High-level political and financial support for China’s space program has increased over the past several decades. The Chinese government noted in its latest white paper on space activities that China should be built “into a space power in all respects” and use its space program to enhance its “overall strength.” In addition, the Chinese government views manned spaceflight as a means of garnering international prestige and boosting national pride. This sentiment was voiced by now-retired Chinese leader Wu Bangguo in 2005 when he noted that the successful crewed Shenzhou-6 mission was of “great significance for elevating China’s prestige in the world and promoting China’s economic, scientific and national defense capabilities, and its national cohesiveness.”
President Xi Jinping touted China’s aspiration to become a world leader in space exploration on China’s first National Day of Space Flight on April 24, 2016. On the same occasion, Xu Dazhe, then-Director of the China National Space Administration, explained that space industry projects (such as the “third part of manned space flight” and “third part of moon exploration”) outlined in the 13th Five-Year Plan (2016-2020) aim to make China a “major power” in the space industry. He added that China has only just begun leveraging its space capabilities.
Progress notwithstanding, scholars at the Chinese Academy of Sciences (CAS) have argued in the past that the limited scope of China’s current contributions to space science neither measures up to the country’s “status as a great power,” nor supports the goal of “building an innovative nation.” They further emphasized that building a Chinese space station presents unparalleled opportunities for scientific discovery and technological innovation.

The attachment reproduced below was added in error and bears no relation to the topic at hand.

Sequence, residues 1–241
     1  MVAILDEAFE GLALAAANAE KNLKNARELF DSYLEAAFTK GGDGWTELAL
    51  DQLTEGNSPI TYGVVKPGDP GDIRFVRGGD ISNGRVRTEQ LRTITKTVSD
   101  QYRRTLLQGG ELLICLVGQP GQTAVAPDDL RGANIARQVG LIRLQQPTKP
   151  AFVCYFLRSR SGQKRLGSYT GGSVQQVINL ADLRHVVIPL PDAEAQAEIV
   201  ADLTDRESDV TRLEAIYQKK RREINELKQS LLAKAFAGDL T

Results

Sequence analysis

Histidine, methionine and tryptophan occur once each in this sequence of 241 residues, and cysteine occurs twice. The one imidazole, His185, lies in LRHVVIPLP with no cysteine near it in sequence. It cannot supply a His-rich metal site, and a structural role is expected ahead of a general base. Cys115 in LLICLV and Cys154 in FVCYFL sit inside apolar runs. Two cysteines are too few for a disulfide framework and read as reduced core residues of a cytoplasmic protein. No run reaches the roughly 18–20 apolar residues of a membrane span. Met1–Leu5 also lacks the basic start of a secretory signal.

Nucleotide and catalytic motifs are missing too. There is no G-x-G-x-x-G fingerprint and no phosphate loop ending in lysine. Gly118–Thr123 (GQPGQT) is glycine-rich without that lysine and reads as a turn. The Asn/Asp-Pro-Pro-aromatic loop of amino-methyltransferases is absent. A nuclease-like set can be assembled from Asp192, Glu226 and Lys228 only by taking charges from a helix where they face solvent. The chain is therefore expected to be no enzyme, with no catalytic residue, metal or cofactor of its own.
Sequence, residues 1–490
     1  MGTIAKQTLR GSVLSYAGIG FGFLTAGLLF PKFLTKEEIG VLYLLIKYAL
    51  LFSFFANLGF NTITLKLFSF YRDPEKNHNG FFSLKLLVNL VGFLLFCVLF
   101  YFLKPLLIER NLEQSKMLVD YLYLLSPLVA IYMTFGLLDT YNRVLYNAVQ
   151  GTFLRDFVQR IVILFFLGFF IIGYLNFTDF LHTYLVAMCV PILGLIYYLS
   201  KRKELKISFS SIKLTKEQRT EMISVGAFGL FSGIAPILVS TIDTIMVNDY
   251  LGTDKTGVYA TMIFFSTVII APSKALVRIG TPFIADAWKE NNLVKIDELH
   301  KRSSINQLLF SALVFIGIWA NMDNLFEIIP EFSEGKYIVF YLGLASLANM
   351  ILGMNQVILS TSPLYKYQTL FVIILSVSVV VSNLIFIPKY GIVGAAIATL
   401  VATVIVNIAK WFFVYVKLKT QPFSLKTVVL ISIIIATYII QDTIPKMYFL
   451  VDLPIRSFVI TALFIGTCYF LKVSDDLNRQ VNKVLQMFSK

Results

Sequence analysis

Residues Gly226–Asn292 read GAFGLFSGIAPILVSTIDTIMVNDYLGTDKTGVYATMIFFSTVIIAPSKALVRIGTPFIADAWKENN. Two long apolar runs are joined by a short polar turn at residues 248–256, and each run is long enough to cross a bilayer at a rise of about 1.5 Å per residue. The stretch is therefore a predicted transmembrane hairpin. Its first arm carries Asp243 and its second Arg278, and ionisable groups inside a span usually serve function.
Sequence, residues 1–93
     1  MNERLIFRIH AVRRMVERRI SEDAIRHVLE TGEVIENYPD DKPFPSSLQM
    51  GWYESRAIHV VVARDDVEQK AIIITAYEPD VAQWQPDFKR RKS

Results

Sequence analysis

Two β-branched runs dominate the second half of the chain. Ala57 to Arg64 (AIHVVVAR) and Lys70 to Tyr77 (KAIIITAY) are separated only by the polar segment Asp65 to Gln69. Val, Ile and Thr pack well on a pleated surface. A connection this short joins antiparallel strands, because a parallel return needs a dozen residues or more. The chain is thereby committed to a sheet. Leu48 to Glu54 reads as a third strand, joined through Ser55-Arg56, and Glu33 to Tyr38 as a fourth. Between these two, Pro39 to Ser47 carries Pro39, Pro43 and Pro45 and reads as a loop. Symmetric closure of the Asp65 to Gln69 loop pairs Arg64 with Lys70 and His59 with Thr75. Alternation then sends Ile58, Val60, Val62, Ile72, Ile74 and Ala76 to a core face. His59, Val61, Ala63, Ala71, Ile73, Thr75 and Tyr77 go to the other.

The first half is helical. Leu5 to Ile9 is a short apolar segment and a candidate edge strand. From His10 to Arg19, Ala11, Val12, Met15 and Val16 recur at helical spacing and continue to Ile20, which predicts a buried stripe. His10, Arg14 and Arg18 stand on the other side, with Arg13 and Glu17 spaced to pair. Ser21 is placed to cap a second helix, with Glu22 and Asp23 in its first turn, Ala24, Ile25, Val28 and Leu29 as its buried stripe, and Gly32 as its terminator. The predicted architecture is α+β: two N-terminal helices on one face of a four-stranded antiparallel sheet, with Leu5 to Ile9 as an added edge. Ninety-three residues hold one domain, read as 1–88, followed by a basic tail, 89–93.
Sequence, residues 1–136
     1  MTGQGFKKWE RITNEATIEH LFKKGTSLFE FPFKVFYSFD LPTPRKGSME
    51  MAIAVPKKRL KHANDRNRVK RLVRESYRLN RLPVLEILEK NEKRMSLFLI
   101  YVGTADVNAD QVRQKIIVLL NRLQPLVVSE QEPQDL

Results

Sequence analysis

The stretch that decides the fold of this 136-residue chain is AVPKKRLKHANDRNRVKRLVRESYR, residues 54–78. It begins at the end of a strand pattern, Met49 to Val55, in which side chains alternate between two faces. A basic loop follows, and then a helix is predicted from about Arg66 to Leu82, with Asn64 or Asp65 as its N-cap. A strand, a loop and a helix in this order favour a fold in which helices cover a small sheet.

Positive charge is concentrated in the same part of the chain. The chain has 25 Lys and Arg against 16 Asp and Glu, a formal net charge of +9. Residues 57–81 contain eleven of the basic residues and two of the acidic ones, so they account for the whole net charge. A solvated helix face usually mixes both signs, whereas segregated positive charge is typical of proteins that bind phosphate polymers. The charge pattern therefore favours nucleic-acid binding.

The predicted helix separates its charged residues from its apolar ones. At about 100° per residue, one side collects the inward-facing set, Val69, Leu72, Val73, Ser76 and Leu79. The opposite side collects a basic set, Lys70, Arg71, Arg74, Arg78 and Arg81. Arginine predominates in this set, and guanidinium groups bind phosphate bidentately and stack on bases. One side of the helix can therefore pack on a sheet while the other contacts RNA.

Research conducted aboard the ISS promotes scientific inquiry and can result in beneficial “spinoff” technologies. These include advancements in medicine and agriculture, improvements in automobile safety testing, and even the development of a new line of golf clubs. Chinese taikonauts have been denied the opportunity to directly participate in such groundbreaking research, as the US and other spacefaring countries have restricted space cooperation with China and limited the transfer of sensitive technologies.
Successfully launching the CSS would lend China its own platform for conducting research and strengthening China’s “independent innovative capacity.” The planned deorbiting of the ISS a few years after China deploys the CSS could even mean that there is a period in which China is the only country capable of hosting a permanent human presence in orbit. China could use this to gain diplomatic leverage, since countries interested in continuing research in space could be compelled to look to the Chinese space program in the absence of other alternatives. In a May 2018 statement, China announced that “all member states of the United Nations are welcome to cooperate with China to jointly utilize its future China Space Station.” The European Space Agency has already begun considering how they might coordinate joint ventures with China.
Additionally, China hopes to use its manned space station as a stepping stone to further achievements in space. Wu Weiren, chief designer of China’s lunar exploration program, noted in 2016 that China’s long-term goals include an unmanned mission to Mars by 2020 – which China successfully launched in July 2020 – and establishing a manned research base on the Moon. Lt. Gen. Zhang Yulin, deputy commander of the China Manned Space Program, indicated that China will use the next 15 to 20 years to develop the requisite technical capabilities for conducting manned lunar missions. China’s leaders have also expressed a desire to send probes to Jupiter as part of their campaign to transform China into one of the top three space programs in the world by 2030.